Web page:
(a) intentionally leases or subleases any room, house, building or establishment for facilitating or promoting trafficking in persons or allows it to be used or ought reasonably to have known or suspected that it will be used to facilitate or promote trafficking in persons;
(b) subsequent to the lease or sublease of any room, house, building or establishment, becomes aware or ought reasonably to have known or suspected that it is being used to facilitate or promote trafficking in persons and fails to report that knowledge to a police official;
(c) intentionally advertises, publishes, prints, broadcasts, distributes or causes the advertisement, publication, printing, broadcast or distribution of information that facilitates or promotes trafficking in persons by any means, including the use of the internet or other information technology; or
(d) finances, controls or organises the commission of an offence under this Chapter,
is guilty of an offence.
(a) An electronic communications service provider operating in the Republic must take all reasonable steps to prevent the use of its service for the hosting of information referred to in subsection (1)(c).
(b) An electronic communications service provider that is aware or becomes aware of any electronic communications which contain information referred to in subsection (1)(c) and which is stored upon or transmitted over its electronic communications system must-
(i) without delay report the electronic communications identity number from which those electronic communications originated and any other particulars available to such electronic communications service provider which can be used to identify the person or electronic communications service provider (including an electronic communications service provider operating outside the Republic) from who or from which those electronic communications originated, to the South African Police Service;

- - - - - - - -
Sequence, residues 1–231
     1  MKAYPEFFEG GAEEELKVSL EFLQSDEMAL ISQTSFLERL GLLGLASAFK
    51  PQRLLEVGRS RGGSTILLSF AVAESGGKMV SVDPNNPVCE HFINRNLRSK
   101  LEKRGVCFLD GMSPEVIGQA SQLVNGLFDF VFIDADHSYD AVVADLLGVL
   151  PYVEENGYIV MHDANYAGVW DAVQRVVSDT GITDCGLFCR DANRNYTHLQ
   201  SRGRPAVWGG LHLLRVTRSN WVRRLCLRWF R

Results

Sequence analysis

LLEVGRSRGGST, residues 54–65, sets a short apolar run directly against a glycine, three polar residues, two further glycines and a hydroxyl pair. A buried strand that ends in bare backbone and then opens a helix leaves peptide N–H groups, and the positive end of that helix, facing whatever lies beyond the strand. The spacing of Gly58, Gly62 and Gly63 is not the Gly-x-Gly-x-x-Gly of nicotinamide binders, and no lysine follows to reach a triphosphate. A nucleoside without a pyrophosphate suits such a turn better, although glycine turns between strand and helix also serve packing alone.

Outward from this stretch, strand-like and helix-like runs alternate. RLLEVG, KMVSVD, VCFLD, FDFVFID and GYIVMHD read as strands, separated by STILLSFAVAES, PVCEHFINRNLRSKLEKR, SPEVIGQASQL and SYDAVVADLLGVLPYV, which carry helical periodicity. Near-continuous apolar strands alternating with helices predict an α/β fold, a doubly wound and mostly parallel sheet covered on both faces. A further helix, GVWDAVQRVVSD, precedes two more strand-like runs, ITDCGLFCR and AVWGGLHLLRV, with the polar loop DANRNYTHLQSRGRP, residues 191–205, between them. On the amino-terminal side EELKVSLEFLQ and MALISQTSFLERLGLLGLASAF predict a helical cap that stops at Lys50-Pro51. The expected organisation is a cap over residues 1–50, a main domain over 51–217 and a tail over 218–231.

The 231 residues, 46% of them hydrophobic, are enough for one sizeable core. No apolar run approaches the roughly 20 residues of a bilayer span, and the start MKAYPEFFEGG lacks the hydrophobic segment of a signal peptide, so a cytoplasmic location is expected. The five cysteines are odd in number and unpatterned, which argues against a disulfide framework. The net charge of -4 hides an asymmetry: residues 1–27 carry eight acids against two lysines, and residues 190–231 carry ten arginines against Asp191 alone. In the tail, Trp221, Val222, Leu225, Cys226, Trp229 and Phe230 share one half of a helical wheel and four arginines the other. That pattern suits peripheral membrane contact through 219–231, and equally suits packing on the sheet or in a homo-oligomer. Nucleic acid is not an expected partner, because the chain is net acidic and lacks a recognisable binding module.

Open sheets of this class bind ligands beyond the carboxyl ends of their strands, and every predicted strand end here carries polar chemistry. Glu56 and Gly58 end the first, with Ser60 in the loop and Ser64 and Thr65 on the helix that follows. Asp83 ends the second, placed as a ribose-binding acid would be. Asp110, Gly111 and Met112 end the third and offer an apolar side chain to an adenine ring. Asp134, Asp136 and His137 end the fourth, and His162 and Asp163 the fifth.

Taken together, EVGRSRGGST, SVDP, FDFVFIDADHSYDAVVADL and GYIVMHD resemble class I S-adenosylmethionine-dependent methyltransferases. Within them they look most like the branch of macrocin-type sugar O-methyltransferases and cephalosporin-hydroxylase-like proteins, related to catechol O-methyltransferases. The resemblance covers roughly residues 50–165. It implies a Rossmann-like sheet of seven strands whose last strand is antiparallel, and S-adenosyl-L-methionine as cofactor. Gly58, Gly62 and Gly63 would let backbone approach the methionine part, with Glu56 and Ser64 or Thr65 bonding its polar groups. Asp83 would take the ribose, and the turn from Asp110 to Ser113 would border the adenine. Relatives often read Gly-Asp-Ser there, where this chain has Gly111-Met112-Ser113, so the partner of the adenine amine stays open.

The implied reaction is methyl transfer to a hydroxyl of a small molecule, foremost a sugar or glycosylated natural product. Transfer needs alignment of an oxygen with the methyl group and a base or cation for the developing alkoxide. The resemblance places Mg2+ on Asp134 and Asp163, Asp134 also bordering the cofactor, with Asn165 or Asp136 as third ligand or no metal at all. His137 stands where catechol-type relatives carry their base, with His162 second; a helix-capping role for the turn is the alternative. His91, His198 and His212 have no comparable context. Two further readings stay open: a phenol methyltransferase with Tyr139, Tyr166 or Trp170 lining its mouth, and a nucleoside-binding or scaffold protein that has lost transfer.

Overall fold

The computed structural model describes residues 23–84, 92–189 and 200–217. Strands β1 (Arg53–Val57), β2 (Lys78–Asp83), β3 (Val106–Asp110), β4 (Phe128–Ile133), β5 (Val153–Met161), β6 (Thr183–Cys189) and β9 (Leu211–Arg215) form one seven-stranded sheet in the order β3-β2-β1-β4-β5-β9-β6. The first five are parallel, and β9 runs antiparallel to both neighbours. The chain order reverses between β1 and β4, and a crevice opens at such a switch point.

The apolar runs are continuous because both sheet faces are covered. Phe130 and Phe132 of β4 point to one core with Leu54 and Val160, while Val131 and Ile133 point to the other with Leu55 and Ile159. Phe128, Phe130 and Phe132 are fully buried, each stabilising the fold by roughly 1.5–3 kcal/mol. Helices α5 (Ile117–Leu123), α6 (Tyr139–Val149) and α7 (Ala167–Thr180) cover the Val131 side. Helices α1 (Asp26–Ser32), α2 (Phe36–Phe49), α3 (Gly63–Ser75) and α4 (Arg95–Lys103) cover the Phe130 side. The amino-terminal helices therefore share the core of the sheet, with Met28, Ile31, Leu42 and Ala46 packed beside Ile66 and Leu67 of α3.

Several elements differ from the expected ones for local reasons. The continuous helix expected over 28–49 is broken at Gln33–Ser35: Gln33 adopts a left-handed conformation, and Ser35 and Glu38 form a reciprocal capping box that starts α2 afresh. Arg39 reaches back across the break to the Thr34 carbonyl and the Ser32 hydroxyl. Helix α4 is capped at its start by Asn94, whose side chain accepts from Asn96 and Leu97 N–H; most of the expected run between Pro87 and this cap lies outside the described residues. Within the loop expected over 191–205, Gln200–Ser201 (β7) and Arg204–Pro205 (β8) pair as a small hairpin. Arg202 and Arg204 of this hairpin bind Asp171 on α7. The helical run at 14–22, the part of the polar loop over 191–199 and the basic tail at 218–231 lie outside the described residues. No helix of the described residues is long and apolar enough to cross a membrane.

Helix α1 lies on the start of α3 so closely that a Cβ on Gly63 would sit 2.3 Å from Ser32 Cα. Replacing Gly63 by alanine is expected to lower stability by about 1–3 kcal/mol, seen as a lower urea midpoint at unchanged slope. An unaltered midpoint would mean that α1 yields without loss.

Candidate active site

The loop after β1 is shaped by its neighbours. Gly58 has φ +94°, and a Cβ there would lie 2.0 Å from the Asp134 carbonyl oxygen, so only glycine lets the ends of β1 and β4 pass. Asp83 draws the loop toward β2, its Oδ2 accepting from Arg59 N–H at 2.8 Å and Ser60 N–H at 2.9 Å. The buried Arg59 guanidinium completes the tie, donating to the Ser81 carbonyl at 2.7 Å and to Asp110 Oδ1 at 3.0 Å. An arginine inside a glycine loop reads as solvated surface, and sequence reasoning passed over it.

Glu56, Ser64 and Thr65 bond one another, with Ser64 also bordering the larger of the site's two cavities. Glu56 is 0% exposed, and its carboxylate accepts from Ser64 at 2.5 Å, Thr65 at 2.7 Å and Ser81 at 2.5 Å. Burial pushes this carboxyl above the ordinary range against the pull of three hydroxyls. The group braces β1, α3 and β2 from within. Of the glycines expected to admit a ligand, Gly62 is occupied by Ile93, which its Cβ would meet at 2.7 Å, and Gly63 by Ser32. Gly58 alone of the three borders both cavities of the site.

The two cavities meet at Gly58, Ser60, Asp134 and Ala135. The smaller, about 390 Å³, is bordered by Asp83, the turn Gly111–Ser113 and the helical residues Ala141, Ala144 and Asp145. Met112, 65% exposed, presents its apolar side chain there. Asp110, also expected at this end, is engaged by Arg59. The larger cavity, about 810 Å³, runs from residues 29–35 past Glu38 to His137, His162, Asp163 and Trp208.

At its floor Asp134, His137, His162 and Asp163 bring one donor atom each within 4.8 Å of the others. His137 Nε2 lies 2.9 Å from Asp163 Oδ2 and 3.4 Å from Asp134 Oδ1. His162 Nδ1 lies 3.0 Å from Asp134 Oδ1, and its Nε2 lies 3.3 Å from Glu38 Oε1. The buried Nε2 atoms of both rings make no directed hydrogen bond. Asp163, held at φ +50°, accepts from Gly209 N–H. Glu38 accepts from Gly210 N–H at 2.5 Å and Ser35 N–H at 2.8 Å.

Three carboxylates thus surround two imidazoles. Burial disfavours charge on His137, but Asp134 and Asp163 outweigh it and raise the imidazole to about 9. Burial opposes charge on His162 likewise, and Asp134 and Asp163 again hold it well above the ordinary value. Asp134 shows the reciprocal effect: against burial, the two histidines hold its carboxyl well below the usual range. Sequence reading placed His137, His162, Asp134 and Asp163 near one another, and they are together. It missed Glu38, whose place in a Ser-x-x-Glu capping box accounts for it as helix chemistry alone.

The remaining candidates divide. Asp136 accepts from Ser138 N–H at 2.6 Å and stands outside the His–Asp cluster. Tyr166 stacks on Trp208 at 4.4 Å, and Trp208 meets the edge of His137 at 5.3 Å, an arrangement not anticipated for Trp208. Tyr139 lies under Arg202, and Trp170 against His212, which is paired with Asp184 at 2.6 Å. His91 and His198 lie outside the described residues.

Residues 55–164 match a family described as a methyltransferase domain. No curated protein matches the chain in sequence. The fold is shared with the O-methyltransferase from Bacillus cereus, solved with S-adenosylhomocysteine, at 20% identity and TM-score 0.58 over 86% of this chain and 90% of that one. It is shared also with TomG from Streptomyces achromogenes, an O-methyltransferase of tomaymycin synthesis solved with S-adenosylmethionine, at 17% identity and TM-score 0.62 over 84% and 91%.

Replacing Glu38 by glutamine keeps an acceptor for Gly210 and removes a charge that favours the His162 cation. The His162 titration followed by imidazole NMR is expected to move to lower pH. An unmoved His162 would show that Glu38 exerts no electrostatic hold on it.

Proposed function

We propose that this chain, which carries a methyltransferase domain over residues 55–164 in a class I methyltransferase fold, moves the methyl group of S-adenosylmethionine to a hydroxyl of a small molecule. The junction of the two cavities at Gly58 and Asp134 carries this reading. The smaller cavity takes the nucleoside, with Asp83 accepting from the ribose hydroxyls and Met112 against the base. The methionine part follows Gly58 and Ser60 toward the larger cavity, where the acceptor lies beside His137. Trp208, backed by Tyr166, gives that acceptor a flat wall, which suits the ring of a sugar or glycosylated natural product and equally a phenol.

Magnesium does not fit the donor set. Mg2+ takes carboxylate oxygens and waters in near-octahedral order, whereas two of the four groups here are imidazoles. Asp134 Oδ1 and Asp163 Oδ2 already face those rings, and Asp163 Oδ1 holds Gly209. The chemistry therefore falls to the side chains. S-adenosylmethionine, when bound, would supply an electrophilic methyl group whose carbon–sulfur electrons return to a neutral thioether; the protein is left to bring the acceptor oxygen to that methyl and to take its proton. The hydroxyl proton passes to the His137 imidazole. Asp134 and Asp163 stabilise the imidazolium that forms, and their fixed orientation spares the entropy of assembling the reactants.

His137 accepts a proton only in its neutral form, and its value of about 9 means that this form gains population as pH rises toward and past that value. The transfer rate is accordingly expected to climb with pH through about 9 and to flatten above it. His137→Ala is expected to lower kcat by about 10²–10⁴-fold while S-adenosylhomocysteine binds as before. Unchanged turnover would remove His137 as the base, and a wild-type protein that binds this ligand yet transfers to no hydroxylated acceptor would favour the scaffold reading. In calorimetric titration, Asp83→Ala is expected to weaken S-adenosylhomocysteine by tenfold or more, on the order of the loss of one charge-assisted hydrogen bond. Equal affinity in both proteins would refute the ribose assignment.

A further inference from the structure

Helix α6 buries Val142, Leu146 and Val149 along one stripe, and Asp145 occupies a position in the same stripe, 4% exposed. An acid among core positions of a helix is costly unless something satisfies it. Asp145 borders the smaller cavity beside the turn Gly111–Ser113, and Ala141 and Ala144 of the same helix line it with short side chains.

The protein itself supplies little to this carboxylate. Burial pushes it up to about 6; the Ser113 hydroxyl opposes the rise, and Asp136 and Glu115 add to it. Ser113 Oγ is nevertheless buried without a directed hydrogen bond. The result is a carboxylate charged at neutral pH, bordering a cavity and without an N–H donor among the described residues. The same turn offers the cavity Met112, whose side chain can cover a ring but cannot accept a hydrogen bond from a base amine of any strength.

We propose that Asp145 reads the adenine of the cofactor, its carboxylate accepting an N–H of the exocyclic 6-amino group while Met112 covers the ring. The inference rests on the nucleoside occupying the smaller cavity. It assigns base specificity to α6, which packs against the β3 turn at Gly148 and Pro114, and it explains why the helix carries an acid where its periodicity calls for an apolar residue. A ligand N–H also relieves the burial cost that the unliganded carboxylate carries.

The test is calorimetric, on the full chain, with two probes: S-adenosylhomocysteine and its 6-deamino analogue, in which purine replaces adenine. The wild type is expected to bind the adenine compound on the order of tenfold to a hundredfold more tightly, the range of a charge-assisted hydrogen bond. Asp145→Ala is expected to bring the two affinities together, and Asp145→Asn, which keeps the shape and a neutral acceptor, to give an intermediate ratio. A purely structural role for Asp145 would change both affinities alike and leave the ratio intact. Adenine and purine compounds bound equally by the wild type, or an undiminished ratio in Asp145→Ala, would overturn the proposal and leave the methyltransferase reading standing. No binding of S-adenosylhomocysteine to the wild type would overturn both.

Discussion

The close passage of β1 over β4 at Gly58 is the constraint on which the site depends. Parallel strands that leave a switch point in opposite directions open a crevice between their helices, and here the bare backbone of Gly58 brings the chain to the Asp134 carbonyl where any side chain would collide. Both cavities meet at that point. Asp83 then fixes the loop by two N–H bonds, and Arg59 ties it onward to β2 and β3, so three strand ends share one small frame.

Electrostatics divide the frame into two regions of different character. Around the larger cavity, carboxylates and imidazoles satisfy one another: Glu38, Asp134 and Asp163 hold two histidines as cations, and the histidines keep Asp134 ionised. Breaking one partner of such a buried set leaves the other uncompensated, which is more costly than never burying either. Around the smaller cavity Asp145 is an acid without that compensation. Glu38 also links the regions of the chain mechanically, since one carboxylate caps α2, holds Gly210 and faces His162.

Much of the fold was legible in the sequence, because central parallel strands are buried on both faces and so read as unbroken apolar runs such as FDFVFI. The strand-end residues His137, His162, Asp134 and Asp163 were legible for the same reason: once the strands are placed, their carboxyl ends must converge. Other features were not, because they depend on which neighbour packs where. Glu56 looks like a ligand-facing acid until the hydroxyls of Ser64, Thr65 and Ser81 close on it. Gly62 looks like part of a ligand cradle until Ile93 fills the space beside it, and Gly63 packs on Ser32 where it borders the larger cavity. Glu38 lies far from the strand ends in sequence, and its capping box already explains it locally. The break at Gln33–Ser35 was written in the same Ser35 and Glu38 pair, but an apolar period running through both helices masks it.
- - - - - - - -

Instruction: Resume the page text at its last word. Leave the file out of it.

(ii) take such reasonable steps as are necessary to preserve evidence as may be required by the relevant investigation and prosecuting authorities, for purposes of investigation and prosecution by the relevant authorities; and
(iii) without delay take such reasonable steps as are necessary to prevent continued access to those electronic communications-
(aa) by any of the customers of that electronic communications service provider; or
(bb) by any person if they are stored on the system of the electronic communications service provider.
(3) An electronic communications service provider which fails to comply with the provisions of subsection (2)(a) or (b) is guilty of an offence.
(4) Nothing in this section places a general obligation on an electronic communications service provider to-
(a) monitor the data which it transmits or stores; or
(b) actively seek facts or circumstances indicating an unlawful activity.
(5) An electronic communications service provider is not liable for any loss sustained by or damage caused to any person as a result of any action taken in good faith in terms of subsection (2)(b)(iii).